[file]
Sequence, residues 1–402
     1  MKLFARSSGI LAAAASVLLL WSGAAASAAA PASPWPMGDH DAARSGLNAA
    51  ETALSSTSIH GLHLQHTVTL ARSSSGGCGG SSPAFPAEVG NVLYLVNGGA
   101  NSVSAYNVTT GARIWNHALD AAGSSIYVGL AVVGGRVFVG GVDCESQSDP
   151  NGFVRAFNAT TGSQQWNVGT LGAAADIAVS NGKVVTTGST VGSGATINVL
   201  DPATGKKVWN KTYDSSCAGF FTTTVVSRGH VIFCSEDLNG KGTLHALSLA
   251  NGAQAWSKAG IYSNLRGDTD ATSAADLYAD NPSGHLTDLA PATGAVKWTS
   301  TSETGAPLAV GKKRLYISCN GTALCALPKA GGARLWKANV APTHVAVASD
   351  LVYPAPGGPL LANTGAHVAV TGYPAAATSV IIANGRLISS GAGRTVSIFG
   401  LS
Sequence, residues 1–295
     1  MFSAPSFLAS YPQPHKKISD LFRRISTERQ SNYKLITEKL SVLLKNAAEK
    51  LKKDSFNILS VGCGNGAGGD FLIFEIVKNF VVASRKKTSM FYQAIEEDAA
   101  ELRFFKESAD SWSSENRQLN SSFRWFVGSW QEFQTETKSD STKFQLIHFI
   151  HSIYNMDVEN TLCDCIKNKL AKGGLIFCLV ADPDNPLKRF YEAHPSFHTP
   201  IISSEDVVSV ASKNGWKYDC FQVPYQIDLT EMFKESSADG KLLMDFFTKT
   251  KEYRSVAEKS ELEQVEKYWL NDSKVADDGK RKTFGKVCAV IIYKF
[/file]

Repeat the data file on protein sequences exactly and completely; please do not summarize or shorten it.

Sequence, residues 1–402
     1  MKLFARSSGI LAAAASVLLL WSGAAASAAA PASPWPMGDH DAARSGLNAA
    51  ETALSSTSIH GLHLQHTVTL ARSSSGGCGG SSPAFPAEVG NVLYLVNGGA
   101  NSVSAYNVTT GARIWNHALD AAGSSIYVGL AVVGGRVFVG GVDCESQSDP
   151  NGFVRAFNAT TGSQQWNVGT LGAAADIAVS NGKVVTTGST VGSGATINVL
   201  DPATGKKVWN KTYDSSCAGF FTTTVVSRGH VIFCSEDLNG KGTLHALSLA
   251  NGAQAWSKAG IYSNLRGDTD ATSAADLYAD NPSGHLTDLA PATGAVKWTS
   301  TSETGAPLAV GKKRLYISCN GTALCALPKA GGARLWKANV APTHVAVASD
   351  LVYPAPGGPL LANTGAHVAV TGYPAAATSV IIANGRLISS GAGRTVSIFG
   401  LS
Sequence, residues 1–295
     1  MFSAPSFLAS YPQPHKKISD LFRRISTERQ SNYKLITEKL SVLLKNAAEK
    51  LKKDSFNILS VGCGNGAGGD FLIFEIVKNF VVASRKKTSM FYQAIEEDAA
   101  ELRFFKESAD SWSSENRQLN SSFRWFVGSW QEFQTETKSD STKFQLIHFI
   151  HSIYNMDVEN TLCDCIKNKL AKGGLIFCLV ADPDNPLKRF YEAHPSFHTP
   201  IISSEDVVSV ASKNGWKYDC FQVPYQIDLT EMFKESSADG KLLMDFFTKT
   251  KEYRSVAEKS ELEQVEKYWL NDSKVADDGK RKTFGKVCAV IIYKF